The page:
Can Frank Ntilikina follow Jackson’s lead?

“I think it’s really exciting to have challenges right at the beginning of your career, like it’s really exciting,’’ Ntilikina said. “I mean, I’m ready for whatever will happen.’’

The Knicks took Ntilikina with the 8th pick in this year’s draft, after point guards Markelle Fultz, Lonzo Ball, and De’Aaron Fox. Yet Ntilikina speaks with a confidence Jackson says is the key to succeeding as an NBA rookie point guard.

“Confidence is the most important thing for any player, but especially a point guard because you’re running the show and there are a lot of eyes on you,’’ Jackson told MSGNetworks.com.

“You can be the best player in the world in college or overseas, but the NBA is a different game. You’re going to face adversity and you’re going to face it early.

“The easy thing is to put your head down, but that doesn’t get you anywhere. You’re going to have a bad possession, a bad quarter, bad back-to-back games. You have to have confidence in yourself and know you’re going to bounce back.’’

Ntilikina has faced his share of adversity playing for SIG Strasbourg in the French League. Ntilikina, who just recently turned 19, often was up against older players that were physically more mature and had more experience.

[Robbins: Ntilikina No Stranger to Pressure]

Ntilikina never backed down. According to a New York Times story, it was in one practice last season that Ntilikina’s teammates saw the drive and confidence the 6-foot-5, 190-pound point guard possesses.

After missing a layup, he dropped and pumped out five push ups while unleashing a loud, lengthy scream. Ntilikina was a monster the rest of practice. He was the confident boy among men.

“It helps a lot because over there you play against grown men, you play against adults,” Ntilikina said. “Some of them played in the NBA and have a lot of experience. You can ask a lot of questions to your teammates and you can learn from them.

“I think it’s great and it can help me make the transition easier on the court and even off the court.”

Ntilikina is not expected to be the starter when the Knicks begin the season. Veteran Ramon Sessions and second-year guard Ron Baker have the experience edge.

But Jackson wasn’t expected to be the starter when he was a rookie. The Knicks had Rory Sparrow and Gerald Henderson.

“I remember sitting and watching them in training camp and thinking, ‘I can do this,’’’ said Jackson. “The first time I put on a uniform, I believed I could play in the league.’’

Jackson also had two advantages. In Rick Pitino, he had a coach that understood the point guard position because he was one. And the Knicks had one of the greatest centers in NBA history in Patrick Ewing.

Pitino’s belief in Jackson helped negate questions fans and the media had about a rookie starting at point guard. Ewing’s presence took a lot of pressure off Jackson.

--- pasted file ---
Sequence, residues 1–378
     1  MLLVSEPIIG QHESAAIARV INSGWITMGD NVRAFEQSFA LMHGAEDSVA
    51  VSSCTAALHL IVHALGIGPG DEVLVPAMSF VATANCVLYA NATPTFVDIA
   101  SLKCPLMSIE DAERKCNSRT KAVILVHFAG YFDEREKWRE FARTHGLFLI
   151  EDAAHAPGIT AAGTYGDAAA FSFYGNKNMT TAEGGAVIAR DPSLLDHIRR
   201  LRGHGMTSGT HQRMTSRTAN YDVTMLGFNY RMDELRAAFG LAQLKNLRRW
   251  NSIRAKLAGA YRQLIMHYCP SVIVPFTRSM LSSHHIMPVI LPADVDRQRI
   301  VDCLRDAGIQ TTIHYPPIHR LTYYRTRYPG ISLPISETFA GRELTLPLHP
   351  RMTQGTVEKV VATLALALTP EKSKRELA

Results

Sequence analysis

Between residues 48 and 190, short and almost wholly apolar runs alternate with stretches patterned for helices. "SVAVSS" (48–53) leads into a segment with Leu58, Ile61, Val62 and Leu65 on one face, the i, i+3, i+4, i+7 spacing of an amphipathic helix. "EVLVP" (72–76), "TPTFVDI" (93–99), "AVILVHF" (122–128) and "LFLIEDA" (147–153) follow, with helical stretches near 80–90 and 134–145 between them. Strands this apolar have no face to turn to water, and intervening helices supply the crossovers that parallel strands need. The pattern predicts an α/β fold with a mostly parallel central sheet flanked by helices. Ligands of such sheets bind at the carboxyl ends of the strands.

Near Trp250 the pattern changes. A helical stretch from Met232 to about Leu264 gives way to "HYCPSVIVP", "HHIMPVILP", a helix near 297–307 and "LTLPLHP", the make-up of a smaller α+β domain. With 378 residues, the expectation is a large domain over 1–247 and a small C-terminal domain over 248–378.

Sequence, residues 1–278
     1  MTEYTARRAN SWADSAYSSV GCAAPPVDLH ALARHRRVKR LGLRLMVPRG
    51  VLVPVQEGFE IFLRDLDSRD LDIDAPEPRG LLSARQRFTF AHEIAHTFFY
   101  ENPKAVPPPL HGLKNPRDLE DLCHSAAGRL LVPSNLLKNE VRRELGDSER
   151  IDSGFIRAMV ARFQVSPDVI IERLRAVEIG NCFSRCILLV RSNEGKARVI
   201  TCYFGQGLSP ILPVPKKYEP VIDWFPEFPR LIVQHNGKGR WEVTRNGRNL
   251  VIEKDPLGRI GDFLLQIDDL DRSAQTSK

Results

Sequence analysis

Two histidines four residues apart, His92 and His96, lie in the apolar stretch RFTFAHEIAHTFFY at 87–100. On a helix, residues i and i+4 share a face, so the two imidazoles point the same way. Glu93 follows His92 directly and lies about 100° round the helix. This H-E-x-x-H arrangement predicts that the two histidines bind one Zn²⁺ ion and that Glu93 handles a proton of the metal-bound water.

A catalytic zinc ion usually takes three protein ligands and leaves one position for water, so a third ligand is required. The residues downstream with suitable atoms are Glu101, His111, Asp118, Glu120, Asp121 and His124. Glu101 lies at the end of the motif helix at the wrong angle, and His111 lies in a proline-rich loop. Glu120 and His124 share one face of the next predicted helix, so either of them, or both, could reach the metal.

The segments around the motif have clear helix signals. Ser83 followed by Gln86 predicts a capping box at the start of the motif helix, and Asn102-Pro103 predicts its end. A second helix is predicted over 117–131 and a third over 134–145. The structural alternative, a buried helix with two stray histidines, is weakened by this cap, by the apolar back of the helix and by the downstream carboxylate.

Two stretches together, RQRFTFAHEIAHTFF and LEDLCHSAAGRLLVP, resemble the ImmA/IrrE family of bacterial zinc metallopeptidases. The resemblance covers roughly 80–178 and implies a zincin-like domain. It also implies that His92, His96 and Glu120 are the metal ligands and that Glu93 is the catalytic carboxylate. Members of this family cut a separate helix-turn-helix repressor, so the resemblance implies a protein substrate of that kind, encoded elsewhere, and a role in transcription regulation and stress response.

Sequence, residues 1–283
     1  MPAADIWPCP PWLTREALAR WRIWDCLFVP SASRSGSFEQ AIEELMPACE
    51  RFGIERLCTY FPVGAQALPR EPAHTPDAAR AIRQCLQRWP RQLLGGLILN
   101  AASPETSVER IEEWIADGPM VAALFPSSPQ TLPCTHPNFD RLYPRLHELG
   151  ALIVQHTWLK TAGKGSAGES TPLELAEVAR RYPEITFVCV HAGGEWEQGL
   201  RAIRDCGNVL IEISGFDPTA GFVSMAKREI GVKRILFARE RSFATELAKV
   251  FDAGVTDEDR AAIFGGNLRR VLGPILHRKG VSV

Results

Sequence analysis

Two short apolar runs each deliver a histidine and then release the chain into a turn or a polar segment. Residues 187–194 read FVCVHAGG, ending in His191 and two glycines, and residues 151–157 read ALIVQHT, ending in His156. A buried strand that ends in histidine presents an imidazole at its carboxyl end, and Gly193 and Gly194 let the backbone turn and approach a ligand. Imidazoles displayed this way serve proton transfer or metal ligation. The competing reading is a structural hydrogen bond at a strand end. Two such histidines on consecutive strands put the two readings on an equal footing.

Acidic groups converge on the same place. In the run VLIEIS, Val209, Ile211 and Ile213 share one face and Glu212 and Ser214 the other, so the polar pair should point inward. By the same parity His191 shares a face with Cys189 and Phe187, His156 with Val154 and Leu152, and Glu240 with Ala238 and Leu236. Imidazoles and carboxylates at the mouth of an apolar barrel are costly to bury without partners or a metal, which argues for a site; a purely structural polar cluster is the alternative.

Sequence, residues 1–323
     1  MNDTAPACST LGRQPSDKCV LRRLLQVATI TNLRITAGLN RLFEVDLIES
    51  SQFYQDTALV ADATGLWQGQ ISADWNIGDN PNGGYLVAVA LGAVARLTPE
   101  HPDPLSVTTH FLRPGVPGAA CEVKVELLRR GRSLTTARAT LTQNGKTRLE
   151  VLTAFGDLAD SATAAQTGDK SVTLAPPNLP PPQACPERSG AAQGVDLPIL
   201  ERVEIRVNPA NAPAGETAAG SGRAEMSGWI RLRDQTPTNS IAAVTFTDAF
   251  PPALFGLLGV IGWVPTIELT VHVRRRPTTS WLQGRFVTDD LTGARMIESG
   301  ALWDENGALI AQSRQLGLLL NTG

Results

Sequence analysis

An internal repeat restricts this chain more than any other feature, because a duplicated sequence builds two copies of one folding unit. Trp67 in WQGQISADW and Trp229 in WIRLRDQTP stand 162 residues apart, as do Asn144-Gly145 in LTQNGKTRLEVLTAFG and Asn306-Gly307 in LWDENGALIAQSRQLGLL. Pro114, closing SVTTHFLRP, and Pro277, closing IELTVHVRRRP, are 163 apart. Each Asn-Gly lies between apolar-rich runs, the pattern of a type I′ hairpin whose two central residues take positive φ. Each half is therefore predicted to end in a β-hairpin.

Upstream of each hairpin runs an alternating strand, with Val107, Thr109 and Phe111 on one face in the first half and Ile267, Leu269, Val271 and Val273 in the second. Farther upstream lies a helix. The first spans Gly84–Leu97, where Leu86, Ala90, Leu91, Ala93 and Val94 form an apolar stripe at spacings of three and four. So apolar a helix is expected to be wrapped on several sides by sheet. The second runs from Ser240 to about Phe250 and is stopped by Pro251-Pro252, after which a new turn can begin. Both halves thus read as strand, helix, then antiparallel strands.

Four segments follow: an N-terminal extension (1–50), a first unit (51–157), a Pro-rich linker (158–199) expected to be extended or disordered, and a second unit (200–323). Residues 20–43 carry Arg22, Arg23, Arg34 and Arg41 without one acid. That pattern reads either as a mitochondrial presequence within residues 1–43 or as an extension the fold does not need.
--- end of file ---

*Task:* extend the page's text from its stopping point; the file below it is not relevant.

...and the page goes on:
“Those two allowed me to fulfill a lifelong dream,’’ Jackson said. “They believed in me and that belief allowed me to make mistakes, and I made my share of them, and continue to grow as a player and a man. Without them, I don’t have a 17-year NBA career.

“The Knicks are going to have to show they have confidence in the young man. They drafted him. They have to give him a chance to show what he can do and develop.’’

The signing of Sessions should help Ntilikina. As I recently wrote, Sessions’ college coach at Nevada, Mark Fox, said the veteran point guard is generous with advice and doesn’t get caught up in the minutes game.

Jackson also endorsed Sessions as a mentor.

“I know him as a player and I will tell you this, everyone that has played with Ramon Sessions will tell you he’s a pro, a consummate pro,’’ Jackson said. “You know what you’re going to get from him on a consistent basis. That’s the first step in developing a successful team.’’

Which is exactly where the Knicks are right now. Under new president Steve Mills and GM Scott Perry, the focus is on young, athletic talent and effort on the defensive end.

[Robbins: New-Look Knicks Brass Lays Out Shift in Team’s Vision]

Ntilikina fits in that blueprint. The scouting report on the 19-year-old highlights his athleticism – he has a 7-foot wing span, his pass first mentality on offense and his commitment to defense.

As for the confidence that Jackson mentioned, Ntilikina seemed unfazed on draft night when he did more than two hours of interviews.

He was resplendent in a three-piece maroon suit with matching bowtie, an outfit he began designing with a tailor in France months before the draft. He was ready for the moment.

Ntilikina looked, and sounded, like a confident young man.

“I think I would do good,” Ntilikina said when asked how he thought he’d perform this season. “I would bring a lot of things to my team obviously.

“I would do the maximum to give the best thing to my team. Maybe I’m more experienced from what I did back in France.’’

Ntilikina won’t have some of the safety nets that Jackson did. But he is surrounded by some quality young talent. And the international flavor of the Knicks should help Ntilikina.

“What I will bring to the Knicks, actually a lot of hope,’’ Ntilikina said. “I think I’m a player who will trust the process, work hard, and definitely try to be the best player I can be, who will give energy.

“I think I’m a team point guard and shooting guard actually. I’ll just try to make my teammates better every day.’’

Posted on

Ex-MetroStar Aims to Resurface with Red Bulls

Rodrigo Faria’s light shone quickly, but brilliantly, in MLS.